Friday, March 17, 2006


The Imaginary Lamarck (The Textbook Letter)

A Look at Bogus "History" in Schoolbooks

Michael T. Ghiselin

Jean-Baptiste de Lamarck (1744-1829) takes a prominent place in many biology textbooks and life-science textbooks, which depict him as the author of a "theory" of evolution based upon the inheritance of acquired characteristics. Lamarck's views, these books say, should be rejected in favor of the theory of evolution by natural selection, propounded by Charles Darwin (1809-1882), because only Darwin's theory is compatible with the findings of 20th-century genetics.

The Lamarck presented in schoolbooks, however, is a fiction -- an imaginary figure who has been fashioned from hearsay and wrong guesses, and who has been replicated in countless books by successive teams of plagiarists. This figure shares very little, except his name, with the Lamarck of history. Textbook-writers have imbued the fictitious Lamarck with an importance that the real Lamarck never had, and they have credited him with ideas that the real Lamarck did not hold. They also have invented a myth in which those ideas are compared falsely with Darwin's ideas, to produce a bogus dichotomy.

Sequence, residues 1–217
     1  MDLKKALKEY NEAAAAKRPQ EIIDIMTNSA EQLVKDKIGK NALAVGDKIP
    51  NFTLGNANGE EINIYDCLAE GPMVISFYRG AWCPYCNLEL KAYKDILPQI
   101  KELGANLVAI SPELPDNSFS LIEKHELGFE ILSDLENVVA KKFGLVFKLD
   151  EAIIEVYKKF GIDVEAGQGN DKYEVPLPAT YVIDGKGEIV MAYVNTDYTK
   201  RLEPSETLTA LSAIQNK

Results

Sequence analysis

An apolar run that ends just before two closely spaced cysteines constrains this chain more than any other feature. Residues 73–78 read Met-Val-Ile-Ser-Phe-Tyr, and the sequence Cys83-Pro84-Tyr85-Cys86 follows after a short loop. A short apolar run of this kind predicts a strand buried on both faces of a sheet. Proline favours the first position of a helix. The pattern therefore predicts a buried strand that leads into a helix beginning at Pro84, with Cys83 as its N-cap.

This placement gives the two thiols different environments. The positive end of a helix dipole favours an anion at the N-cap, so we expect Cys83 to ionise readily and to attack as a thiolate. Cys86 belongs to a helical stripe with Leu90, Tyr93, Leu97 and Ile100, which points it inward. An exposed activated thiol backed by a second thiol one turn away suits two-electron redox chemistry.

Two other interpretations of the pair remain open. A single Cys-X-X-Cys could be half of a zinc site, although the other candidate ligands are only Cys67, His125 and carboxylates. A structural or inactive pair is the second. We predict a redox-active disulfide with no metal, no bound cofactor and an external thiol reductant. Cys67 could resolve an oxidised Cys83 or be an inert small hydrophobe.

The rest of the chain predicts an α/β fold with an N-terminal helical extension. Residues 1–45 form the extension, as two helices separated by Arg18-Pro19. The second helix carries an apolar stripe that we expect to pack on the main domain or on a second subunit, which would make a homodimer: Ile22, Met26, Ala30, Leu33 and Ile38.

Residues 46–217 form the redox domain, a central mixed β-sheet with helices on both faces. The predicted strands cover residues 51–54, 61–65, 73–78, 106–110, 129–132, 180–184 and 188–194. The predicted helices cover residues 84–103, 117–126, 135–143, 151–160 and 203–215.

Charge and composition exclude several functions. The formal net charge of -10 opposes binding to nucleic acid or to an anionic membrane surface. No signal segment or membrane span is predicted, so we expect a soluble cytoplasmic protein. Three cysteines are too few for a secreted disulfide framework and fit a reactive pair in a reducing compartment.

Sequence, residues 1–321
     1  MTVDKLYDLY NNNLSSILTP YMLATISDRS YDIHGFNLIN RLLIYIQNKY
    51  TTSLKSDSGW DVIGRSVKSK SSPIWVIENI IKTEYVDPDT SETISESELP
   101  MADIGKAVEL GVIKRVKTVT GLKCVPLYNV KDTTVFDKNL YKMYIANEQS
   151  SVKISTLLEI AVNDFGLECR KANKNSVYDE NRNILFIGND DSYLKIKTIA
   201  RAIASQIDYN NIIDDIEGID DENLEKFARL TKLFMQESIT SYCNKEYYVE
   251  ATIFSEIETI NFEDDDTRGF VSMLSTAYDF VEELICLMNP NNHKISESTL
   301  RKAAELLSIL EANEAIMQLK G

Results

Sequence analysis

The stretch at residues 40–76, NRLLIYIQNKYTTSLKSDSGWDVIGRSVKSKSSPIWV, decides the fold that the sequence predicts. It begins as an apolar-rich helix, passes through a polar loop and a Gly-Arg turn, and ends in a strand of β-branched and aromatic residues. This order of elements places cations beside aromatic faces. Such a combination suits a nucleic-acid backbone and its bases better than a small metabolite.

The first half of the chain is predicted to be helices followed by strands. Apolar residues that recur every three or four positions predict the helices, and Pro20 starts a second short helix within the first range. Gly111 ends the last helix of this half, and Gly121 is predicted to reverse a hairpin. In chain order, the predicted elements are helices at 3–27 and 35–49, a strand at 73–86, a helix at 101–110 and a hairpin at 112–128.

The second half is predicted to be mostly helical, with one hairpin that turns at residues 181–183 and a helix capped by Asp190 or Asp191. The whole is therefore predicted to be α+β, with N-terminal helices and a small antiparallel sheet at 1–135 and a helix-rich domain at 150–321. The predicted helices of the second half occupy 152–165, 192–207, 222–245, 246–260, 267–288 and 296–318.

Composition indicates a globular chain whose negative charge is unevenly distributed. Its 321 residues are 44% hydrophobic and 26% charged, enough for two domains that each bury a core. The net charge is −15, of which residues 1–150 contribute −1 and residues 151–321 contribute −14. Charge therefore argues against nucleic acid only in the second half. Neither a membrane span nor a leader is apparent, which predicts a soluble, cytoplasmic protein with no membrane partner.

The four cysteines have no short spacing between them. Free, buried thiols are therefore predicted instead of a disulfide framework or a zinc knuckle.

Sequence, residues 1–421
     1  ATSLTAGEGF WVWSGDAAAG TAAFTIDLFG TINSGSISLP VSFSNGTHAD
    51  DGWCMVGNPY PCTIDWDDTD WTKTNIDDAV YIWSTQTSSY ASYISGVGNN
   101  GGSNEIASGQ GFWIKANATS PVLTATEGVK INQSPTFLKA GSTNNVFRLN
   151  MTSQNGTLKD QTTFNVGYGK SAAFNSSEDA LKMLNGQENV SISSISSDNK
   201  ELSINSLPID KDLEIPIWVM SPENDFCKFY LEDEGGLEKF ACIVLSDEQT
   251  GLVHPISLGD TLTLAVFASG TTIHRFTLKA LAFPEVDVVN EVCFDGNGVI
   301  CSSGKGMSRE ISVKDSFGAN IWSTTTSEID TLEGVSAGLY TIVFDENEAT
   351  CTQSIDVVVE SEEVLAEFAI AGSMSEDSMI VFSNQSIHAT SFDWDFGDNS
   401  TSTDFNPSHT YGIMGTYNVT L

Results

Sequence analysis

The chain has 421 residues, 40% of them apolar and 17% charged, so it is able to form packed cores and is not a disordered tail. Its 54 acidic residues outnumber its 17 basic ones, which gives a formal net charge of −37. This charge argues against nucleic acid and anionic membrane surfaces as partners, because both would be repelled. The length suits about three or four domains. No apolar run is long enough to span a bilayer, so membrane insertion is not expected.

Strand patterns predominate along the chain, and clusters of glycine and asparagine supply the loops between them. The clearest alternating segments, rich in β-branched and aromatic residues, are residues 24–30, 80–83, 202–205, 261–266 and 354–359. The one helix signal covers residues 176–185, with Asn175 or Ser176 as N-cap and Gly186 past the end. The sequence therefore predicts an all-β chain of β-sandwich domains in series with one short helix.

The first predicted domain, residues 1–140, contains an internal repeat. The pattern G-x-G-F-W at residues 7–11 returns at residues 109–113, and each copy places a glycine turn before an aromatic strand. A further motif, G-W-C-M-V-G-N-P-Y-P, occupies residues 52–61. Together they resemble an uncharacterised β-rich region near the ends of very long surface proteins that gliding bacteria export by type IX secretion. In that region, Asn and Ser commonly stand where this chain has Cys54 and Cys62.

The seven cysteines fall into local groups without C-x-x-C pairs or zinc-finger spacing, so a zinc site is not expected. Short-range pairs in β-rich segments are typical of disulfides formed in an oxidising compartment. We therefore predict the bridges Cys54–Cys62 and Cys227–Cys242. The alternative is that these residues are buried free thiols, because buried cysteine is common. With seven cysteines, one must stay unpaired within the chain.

Textbooks typically introduce Lamarck with a flourish, as in this passage from Prentice Hall's Biology: The Study of Life:

One of the first theories of evolution was presented by the French biologist Jean Baptiste de Lamarck in 1809. From his studies of animals, Lamarck became convinced that species were not constant. Instead, he believed that they evolved from preexisting species. . . . According to Lamarck's theory, evolution involved two principles. He called his first principle the law of use and disuse. . . . The second part of Lamarck's theory was the inheritance of acquired characteristics. Lamarck assumed that the characteristics an organism developed through use and disuse could be passed on to its offspring.

Much the same material appears in Holt's Biology Today:

In 1809 a French biologist named Jean Baptiste de Lamarck presented an explanation of the origin of species in his work Zoological Philosophy. Lamarck developed a theory of evolution based on his belief in two biological processes:

1) The use and disuse of organs. According to Lamarck, organisms respond to changes in their environment by developing new organs or changing the structure and function of old organs. . . .

2) Inheritance of acquired traits. Lamarck believed that acquired characteristics were passed on to the organism's offspring....

Such claims give many false or misleading impressions, starting with the implication that Lamarck's views were original.

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